Use of Victim Impact Statements at Sentencing and Parole

A victim impact statement (VIS) is a written statement that describes the harm or loss suffered by the victim of an offence. The court considers the statement when the offender is sentenced, and the Parole Board of Canada considers VIS at parole. Since amendments to the Criminal Code in 1999, victims have been able to read their statement to the court. At parole, the victim can rely on the victim impact statement from sentencing and/or provide another statement to the parole board. The victim impact statement is intended to give victims a voice in the criminal justice system; it allows victims to participate in the sentencing of the offender by explaining to the court and the offender, in their own words, how the crime has affected them.

Currently, data is not systematically collected on how often and how (e.g., written, oral) VIS are submitted at sentencing and at parole.

At Sentencing

Findings from studies involving surveys of judges conducted in Ontario in 2001 and in Manitoba, Alberta, and British Columbia in 2006 indicate that: 

  • Most judges perceive victim impact statements to contain information that is, in general, useful as well as relevant to sentencing.
  • Victim impact statements (VIS) are submitted in only a small percentage of cases; an average 11% of cases have VIS.
  • Many judges report an increase in the number of VIS submitted since the 1999 amendments to the Criminal Code, but not in the number of victims wishing to make an oral presentation of their VIS.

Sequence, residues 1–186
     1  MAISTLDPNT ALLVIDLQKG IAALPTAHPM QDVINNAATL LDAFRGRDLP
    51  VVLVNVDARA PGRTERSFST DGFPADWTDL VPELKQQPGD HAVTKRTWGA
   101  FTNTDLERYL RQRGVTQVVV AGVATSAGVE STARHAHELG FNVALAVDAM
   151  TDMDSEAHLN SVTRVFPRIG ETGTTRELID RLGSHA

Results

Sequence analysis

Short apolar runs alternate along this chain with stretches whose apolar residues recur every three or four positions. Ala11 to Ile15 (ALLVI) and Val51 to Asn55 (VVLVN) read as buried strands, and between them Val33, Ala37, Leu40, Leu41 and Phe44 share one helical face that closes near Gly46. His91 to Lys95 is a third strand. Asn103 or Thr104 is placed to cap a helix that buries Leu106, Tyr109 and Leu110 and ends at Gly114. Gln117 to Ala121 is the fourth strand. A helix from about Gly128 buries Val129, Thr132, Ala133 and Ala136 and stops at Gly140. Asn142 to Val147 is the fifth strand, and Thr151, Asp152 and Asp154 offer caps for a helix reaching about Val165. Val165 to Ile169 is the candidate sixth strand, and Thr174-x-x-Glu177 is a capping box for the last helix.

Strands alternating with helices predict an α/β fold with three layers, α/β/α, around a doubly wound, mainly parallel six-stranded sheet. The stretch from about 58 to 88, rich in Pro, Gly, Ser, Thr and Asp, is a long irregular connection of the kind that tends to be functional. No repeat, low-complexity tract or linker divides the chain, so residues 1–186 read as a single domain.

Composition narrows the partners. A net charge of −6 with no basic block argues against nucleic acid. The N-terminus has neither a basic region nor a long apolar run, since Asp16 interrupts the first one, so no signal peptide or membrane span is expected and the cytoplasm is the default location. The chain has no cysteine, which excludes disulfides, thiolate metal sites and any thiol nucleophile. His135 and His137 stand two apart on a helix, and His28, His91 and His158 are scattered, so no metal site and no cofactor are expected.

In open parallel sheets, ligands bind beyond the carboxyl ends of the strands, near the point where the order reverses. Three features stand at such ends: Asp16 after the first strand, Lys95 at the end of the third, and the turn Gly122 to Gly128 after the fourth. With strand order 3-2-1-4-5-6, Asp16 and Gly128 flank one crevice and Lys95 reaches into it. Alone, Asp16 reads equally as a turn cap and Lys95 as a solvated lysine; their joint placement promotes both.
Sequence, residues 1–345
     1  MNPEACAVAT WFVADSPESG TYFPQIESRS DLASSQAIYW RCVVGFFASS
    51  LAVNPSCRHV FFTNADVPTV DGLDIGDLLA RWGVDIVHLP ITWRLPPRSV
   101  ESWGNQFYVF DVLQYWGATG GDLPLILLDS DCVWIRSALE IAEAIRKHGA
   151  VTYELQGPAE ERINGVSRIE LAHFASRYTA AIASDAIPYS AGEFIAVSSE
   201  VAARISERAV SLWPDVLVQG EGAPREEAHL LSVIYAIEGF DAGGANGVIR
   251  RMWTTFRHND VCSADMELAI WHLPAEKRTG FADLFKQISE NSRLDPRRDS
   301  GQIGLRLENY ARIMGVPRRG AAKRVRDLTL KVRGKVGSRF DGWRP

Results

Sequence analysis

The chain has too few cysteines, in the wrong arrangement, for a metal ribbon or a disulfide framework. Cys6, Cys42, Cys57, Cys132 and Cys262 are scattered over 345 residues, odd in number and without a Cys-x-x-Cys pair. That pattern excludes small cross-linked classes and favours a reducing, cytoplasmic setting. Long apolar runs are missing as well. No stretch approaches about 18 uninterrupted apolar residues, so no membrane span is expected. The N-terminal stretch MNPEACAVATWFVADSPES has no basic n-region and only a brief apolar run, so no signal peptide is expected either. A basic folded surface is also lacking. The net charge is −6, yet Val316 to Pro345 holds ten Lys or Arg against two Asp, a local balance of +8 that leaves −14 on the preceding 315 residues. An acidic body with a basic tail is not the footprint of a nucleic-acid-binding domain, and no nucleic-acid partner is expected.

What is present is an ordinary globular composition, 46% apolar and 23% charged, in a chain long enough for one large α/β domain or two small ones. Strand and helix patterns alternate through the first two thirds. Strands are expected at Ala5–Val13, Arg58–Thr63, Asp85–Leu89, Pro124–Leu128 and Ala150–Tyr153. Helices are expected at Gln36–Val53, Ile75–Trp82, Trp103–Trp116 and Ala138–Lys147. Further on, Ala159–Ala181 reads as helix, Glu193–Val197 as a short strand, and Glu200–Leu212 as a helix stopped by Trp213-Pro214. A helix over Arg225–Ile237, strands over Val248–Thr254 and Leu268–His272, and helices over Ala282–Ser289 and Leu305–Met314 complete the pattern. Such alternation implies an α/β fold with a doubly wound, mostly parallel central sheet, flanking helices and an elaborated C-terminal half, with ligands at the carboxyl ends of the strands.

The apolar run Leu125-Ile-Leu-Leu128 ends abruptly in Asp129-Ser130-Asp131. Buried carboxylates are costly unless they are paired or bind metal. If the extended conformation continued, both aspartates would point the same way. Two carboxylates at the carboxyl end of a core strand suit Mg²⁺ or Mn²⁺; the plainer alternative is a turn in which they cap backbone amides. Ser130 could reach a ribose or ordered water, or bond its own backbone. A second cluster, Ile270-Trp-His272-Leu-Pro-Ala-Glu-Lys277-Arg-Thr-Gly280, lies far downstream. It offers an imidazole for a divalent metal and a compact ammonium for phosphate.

• Only rarely do victims elect to make an oral presentation of the impact statement.
  • Approximately two fifths (42%) of judges find it difficult to know whether the victim has been apprised of their right to submit a VIS.
  • 97% of judges in Manitoba, Alberta, and British Columbia and 84% in Ontario report that victims are seldom cross-examined on the contents of their victim impact statements.
  • If the victim is present at sentencing judges will often (28% of respondents) or sometimes (35% of respondents) address him or her directly (2006 study only).
  • Only one quarter (25%) of the judges who responded believed that most, almost all or all victims understand the role of the VIS at sentencing (2006 study only).

In other research, focus groups with victims of crime across Canada found that victims 

  • Were provided with clear information about the VIS;
  • Were given sufficient time and any help needed to complete their statements;
  • Expressed few, if any, concerns about the privacy aspects of completing a VIS;
  • Reported that their statements were rarely modified by anyone else, once submitted;
  • Accepted the need for their statements to be provided to defence counsel and, by extension, to the accused;
  • Supported victims being offered the opportunity to present their statements orally; and,
  • Praised the provincial victim services they dealt with in preparing their statements.

At Parole

In July 2001, the Parole Board of Canada (PBC) introduced measures in policy to allow victims to read prepared victim statements at its hearings.

In 2008-2009

  • The Board had 20,000 contacts with victims;
  • There were 1.904 observers at PBC hearings, which is a 62% increase over the last five years; and
  • Victims made 192 presentation of VIS at 112 hearings. Families of murder victims and victims of sexual offences are the most frequent presenters.


  • Meredith, Colin and Chantal Paquette, ARC Applied Research Consultants, Summary Report on Victim Impact Statement Focus Groups, Department of Justice Canada: Ottawa, 2001.
  • Parole Board of Canada
  • Roberts, Julian V. and Edgar, Allen, Victim Impact Statements at Sentencing: Perceptions of the Judiciary -- Findings from a survey of Ontario Judges, Department of Justice Canada: Ottawa, 2001.
  • Roberts, Julian V. and Edgar, Allen, Victim Impact Statements at Sentencing: Judicial Experiences and Perceptions -- A Survey of Three Jurisdictions, Department of Justice Canada: Ottawa, 2006.
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